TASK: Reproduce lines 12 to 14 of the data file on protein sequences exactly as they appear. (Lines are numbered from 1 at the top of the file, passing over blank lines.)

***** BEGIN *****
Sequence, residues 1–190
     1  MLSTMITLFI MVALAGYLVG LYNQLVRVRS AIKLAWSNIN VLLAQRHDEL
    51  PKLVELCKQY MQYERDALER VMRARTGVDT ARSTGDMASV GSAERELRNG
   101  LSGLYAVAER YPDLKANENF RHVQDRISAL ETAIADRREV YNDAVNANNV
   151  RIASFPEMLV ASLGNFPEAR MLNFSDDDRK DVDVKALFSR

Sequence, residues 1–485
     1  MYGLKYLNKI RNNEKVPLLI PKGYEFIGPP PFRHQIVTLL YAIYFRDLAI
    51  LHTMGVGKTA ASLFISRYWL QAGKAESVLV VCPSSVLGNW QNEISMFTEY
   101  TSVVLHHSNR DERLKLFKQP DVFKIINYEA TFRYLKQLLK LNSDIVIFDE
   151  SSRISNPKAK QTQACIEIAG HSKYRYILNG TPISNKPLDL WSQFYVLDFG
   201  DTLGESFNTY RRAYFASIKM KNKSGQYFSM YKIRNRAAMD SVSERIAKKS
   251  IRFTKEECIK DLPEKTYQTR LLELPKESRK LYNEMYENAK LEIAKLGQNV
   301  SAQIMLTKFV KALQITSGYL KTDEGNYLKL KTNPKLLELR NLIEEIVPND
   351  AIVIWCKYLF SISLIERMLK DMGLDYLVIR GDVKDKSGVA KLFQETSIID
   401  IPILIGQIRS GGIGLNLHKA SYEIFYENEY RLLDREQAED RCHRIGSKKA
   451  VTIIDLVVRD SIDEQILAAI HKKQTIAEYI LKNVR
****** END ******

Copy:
   251  IRFTKEECIK DLPEKTYQTR LLELPKESRK LYNEMYENAK LEIAKLGQNV
   301  SAQIMLTKFV KALQITSGYL KTDEGNYLKL KTNPKLLELR NLIEEIVPND
   351  AIVIWCKYLF SISLIERMLK DMGLDYLVIR GDVKDKSGVA KLFQETSIID